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Is this the end of Trumpism or the beginning of an American insurgency? Open in fullscreen

Brooke Anderson

Is this the end of Trumpism or the beginning of an American insurgency?

A Donald Trump supporter holds a Confederate flag after breaching the US Capitol. [AFP]

Date of publication: 12 January, 2021

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In-depth: A common observation of Trumpism is that it is unprecedented, an aberration or un-American. History shows that none of these are the case.
Trumpism is a term that just five years ago few people, if any, would have guessed could have existed. 

But here we are – with an exuberant base of followers that has in some cases risked their health and safety to attend large-scale rallies, who have lost jobs and personal relationships for sharing bigoted remarks by their leader, and most recently have taken part in a deadly domestic invasion of the US Capitol Building.

Will these trends continue? It's hard to predict without first asking what will happen to Trumpism, the loyal following of outgoing president Donald Trump that comprises a loose assortment of adherents to white nationalism, science scepticism, and indignation at the mainstream media.

"Trumpism as a term will stay around because it's so vague. When you have a demagogic politician, holding rallies and rejecting the idea of global warming, the word will come up. But Trumpism as a coherent political movement, that's different," Roger Griffin, Emeritus professor of modern history at Oxford Brookes University, told The New Arab.

"Is Trumpism coherent enough as an ideology, as a mobilising ideology, to outlive Trump?" Griffin asks, reviewing historic examples of leaders' names whose movements have outlasted their own political careers: Peronism, Thatcherism, Leninism, to name a few.

"Trumpism as a demagogic style of politics will live on. People will say: that's a bit Trumpist. As a movement, it's very dubious," he says. "There is no ideology. He's too intellectually stupid."

Is Trumpism coherent enough as an ideology, as a mobilising ideology, to outlive Trump?

A future for strongmen or a return to 'normalcy'?

But what about beyond the use of his name? Will his base continue to back him, or will enough of them support the core issues that he has championed? That's a question that will depend on a number of factors, such as how much of his party's support he loses in his final days in office, how effective Joe Biden is as president and how well the Democratic Party does in the 2022 midterms.

"There will be a lot of people who will refuse to accept Biden as the president. We won't know until the midterm elections. That will be a test of the direction of the country," says Robert Paxton, Mellon Professor Emeritus of social sciences at Columbia University.

The good news for Biden right now is that he "has things in his favour," says Paxton. "The rhythm is going upward. He can inject money into the economy. There will be a stimulus and job formation."

Read more: Close the door on your way out, Mr Trump

On the other hand, he says, "There are factors pushing in the other direction. There are people out there that reject traditional leadership and want a strongman. They may be with us for a long time."

Indeed, the departure of a leader does not automatically mean the end of a movement, particularly one whose roots long predate the current administration and whose future is all but certain in some form or another.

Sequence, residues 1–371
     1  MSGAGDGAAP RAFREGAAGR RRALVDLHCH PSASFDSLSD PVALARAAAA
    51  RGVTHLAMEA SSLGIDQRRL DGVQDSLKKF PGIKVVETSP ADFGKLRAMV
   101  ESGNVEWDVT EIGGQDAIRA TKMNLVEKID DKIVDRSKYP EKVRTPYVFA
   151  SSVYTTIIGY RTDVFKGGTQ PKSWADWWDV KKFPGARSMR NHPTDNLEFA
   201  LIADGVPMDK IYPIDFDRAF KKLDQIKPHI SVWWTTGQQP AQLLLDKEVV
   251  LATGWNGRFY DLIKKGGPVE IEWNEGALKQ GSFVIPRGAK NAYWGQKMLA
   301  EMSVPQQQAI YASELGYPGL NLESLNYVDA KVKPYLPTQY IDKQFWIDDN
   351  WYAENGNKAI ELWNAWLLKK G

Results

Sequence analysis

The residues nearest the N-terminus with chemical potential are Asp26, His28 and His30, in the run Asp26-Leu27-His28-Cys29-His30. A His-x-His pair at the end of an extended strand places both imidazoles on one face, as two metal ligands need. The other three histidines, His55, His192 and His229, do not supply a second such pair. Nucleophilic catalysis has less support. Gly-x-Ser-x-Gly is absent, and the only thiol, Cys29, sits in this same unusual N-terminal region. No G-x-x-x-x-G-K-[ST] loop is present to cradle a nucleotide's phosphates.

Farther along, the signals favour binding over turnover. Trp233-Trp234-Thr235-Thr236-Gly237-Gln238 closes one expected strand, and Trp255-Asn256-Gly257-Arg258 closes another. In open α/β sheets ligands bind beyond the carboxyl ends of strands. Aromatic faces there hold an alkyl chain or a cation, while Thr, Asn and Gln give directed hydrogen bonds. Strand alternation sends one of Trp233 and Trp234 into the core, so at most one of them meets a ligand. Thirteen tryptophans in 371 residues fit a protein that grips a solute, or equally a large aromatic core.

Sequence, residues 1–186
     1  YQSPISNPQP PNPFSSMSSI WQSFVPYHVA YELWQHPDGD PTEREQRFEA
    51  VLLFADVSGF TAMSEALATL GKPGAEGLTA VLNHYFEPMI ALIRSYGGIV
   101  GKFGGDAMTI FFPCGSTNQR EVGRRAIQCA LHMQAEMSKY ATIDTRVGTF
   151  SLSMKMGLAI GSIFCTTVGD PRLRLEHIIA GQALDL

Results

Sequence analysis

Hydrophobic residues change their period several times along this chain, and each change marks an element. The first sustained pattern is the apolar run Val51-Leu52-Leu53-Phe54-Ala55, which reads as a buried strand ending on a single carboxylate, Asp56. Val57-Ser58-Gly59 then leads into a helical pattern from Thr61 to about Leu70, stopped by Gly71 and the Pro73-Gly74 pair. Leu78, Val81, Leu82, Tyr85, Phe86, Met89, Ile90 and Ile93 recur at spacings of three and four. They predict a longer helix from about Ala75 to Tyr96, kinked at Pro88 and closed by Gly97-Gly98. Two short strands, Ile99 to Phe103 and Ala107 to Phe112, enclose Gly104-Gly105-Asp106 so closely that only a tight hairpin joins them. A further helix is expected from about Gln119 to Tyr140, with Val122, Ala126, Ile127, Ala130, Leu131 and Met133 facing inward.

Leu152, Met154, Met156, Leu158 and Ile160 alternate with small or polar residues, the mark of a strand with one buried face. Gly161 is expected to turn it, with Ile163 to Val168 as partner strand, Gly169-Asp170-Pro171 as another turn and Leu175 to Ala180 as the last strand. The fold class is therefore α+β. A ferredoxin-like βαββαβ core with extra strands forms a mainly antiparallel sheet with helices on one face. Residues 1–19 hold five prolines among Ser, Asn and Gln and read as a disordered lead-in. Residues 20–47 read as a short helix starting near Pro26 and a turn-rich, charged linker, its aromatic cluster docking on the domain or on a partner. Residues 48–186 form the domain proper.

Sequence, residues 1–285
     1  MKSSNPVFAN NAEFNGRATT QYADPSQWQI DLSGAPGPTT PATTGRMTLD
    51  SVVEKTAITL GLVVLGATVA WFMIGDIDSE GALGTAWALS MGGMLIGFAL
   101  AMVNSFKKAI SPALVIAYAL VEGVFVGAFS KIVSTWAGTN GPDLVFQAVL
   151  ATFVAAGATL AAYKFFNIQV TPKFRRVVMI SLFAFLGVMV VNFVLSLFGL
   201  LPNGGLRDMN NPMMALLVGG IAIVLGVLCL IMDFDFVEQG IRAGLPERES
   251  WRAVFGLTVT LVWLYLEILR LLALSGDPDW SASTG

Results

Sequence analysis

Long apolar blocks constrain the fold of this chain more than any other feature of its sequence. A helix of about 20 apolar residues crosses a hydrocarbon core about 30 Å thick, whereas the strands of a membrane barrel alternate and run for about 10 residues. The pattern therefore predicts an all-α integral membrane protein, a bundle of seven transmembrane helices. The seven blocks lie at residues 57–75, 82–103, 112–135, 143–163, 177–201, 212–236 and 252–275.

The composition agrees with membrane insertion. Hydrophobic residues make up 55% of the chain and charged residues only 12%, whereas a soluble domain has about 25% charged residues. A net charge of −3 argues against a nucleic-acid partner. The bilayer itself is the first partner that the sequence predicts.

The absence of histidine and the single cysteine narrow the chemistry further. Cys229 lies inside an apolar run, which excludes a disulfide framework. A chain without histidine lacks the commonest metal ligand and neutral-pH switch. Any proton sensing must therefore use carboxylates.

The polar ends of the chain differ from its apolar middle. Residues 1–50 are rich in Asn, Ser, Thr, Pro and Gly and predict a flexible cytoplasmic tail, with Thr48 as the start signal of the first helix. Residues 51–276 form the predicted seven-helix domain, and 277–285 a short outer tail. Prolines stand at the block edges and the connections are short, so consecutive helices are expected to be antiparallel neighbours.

A YouGov poll taken after Wednesday's Capitol invasion found a clear political and information divide between respondents.

When asked, 'To what extent is Joe Biden to blame for the actions of those who stormed the Capitol building?' 52 percent of Republicans said Biden was to blame, while 45 percent said Biden was not to blame. When asked, 'Is Donald Trump to blame for the actions of those who stormed the Capitol building?' 28 percent of Republicans said Trump was to blame, while 69 percent said Trump was not to blame.

This major discrepancy shows just how common these views have become – not just among Trump's base, but in the Republican Party more generally.

He put GOP talking points on amphetamines and did a hostile takeover of the party, says Matthew Feldman, Professorial Fellow at the University of York and Director of the Centre for Analysis of the Radical Right.

However, he points out, a hostile takeover "is a takeover of exposed assets." In other words, the party and the country had visible vulnerabilities that could be exploited.

There will be a lot of people who will refuse to accept Biden as the president. We won't know until the midterm elections. That will be a test of the direction of the country

An American and international reality

A common observation of Trumpism, particularly after the recent invasion of the Capitol, is that it is unprecedented, an aberration or un-American. History shows that none of these are the case.

"It's totally different from the story America likes to tell itself. It's a story you can tell yourself," says Feldman. "The lack of peaceful transfer of power doesn't address the Civil War." 

For much of the world, and for much of America, Trump is quintessentially American, having managed to tap into grievances that his competitors had overlooked, speaking in a simple and straightforward language (even if inaccurate – around 30,000 false claims since he assumed office, per The Washington Post) that resonated with enough voters to propel him to power.

At the same time, Trump's political tactics are not uniquely American either and are part of a larger worldwide trend of strongman leaders that have come to power in recent years.